Peter Chang’s China Cafe 
Richmond proper tends to beat the West End on all fronts when it comes to food culture. The trade off being the comforts of the suburban life for the what feels like the authenticity of urban life. So it is a real treat when a foodie famous chef shows up in a strip mall in Short Pump. Apparently Peter Chang is a bit of a rolling stone, but a stone that creates fantastic food where ever he lands. Something we did not understand the full gravity of prior to our trip there last week.
With sixty eight reviews under our collective belt, we are still mostly foodie layman. We did not hear about Chang coming to Richmond prior to his arrival, nor read the plentiful write ups post grand opening. We heard about it via word of mouth. In less than a week we had three recommendations to go. When we finally did the journey felt the same as most of our West End excursions. Park in the same parking lot as a Walmart and walk up to an unassuming space between a hair supply store and a GameStop. The interior felt just like any other Chinese eatery. Nothing about the location screamed life changing restaurant experience.
Showing up at 11:30a to a 10 minute wait did though. Peter Chang’s was packed, which is usually a good sign (see: Hogshead Cafe). When we were seated we went right to the lunch specials. An occasional bad habit we have formed over the past year. I quickly picked the curried chicken, snow peas and enoki mushrooms (L14.) and Ethan the stir-fried shredded smoked chicken (L17.). While sipping water and waiting for our meals we started to see all sorts of delights pass by our table. Pillow shaped fried things and steaming metal plates of lamb. When we had seen enough Ethan finally asked a waitress what we were looking at. The pillows were scallion pancakes for future reference.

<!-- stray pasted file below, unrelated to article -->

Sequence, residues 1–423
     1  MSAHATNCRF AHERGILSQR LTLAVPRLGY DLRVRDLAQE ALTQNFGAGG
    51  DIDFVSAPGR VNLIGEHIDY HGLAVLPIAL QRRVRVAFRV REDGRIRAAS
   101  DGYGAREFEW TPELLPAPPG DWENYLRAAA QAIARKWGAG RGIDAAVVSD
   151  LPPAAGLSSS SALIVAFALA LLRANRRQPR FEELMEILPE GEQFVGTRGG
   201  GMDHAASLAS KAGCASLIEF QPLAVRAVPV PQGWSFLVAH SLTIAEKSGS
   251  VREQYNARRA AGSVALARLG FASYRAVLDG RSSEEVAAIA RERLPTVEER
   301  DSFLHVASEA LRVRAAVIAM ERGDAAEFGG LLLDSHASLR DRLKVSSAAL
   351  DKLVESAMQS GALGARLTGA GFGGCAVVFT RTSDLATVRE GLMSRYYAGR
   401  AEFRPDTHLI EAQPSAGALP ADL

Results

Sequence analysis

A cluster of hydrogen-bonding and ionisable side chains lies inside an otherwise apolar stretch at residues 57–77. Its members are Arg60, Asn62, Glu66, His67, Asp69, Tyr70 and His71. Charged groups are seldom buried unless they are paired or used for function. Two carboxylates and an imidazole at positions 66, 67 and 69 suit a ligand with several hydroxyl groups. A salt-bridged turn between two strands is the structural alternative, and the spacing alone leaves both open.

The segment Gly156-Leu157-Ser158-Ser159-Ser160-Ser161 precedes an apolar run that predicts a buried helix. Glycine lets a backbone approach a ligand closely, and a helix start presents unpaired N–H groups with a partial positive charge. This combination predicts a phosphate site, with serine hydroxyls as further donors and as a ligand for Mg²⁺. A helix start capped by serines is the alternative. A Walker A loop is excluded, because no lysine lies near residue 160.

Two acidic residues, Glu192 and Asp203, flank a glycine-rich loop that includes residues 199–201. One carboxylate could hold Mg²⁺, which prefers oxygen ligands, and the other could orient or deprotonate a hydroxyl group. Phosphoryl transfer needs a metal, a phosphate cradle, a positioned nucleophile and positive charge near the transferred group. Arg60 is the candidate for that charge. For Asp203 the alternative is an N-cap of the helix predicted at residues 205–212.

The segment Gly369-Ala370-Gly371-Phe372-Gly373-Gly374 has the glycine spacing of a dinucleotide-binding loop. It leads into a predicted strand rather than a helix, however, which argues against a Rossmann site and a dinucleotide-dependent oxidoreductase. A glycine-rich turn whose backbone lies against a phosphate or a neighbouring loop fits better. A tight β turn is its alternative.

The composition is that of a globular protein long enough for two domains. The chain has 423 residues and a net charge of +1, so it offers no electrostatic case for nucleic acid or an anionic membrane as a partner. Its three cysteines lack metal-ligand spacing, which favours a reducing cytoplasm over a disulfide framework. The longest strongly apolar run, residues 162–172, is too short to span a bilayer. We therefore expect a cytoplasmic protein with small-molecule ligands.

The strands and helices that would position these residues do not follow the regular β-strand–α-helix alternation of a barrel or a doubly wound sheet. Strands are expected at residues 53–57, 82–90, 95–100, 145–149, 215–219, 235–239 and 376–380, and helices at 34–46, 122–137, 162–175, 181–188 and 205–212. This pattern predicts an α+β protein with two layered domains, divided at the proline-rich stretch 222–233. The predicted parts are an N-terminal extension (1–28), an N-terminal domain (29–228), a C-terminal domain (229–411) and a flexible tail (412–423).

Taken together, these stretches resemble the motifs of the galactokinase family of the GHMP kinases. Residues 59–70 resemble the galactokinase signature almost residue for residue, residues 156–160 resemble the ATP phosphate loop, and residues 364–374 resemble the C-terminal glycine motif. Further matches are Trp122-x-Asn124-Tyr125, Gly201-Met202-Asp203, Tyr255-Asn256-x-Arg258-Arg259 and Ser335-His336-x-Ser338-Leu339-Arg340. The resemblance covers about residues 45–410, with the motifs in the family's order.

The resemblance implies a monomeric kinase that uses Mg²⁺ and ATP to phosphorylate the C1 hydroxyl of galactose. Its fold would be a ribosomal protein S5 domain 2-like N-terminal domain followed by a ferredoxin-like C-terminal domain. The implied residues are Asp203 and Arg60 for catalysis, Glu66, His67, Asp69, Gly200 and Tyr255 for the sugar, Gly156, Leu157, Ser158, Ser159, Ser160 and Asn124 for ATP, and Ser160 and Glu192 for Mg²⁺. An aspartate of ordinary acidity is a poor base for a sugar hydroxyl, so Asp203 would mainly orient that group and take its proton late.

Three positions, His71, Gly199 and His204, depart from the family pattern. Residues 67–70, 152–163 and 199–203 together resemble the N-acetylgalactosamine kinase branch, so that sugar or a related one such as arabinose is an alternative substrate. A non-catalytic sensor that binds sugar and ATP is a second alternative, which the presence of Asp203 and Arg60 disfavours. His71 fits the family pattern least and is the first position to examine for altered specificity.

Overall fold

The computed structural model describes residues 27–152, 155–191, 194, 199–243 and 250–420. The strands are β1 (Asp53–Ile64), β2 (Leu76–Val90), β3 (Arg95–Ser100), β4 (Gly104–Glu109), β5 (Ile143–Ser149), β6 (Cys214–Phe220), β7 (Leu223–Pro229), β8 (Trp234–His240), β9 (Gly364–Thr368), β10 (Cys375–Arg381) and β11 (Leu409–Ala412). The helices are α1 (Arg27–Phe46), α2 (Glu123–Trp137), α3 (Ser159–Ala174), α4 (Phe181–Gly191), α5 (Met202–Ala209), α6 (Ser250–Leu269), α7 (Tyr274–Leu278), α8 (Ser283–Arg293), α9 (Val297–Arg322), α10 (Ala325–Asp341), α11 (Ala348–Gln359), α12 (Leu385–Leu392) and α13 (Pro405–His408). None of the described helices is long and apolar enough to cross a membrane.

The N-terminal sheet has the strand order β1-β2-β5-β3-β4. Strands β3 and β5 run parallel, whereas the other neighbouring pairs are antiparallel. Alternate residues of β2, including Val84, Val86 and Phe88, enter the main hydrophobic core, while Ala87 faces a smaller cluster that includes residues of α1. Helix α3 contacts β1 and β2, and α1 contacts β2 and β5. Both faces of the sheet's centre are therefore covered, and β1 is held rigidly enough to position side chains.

When our lunch arrived it felt a bit pedestrian by comparison. They certainly looked appetizing (see the picture above), but they were not the three ring circus that had gone zooming past. Thankfully both meals were fantastic. Breaking the mold of the standard flavors I’ve come to expect from Chinese food in Richmond. They were not heavy or overly salted. The chicken and vegetables in each dish tasted fresh and were seasoned to near perfection. The bar was not very high in the first place, but Chang’s food leapt it with ease and raised to monumental heights going forward. Go to Peter Chang’s, get there early and you won’t be disappointed.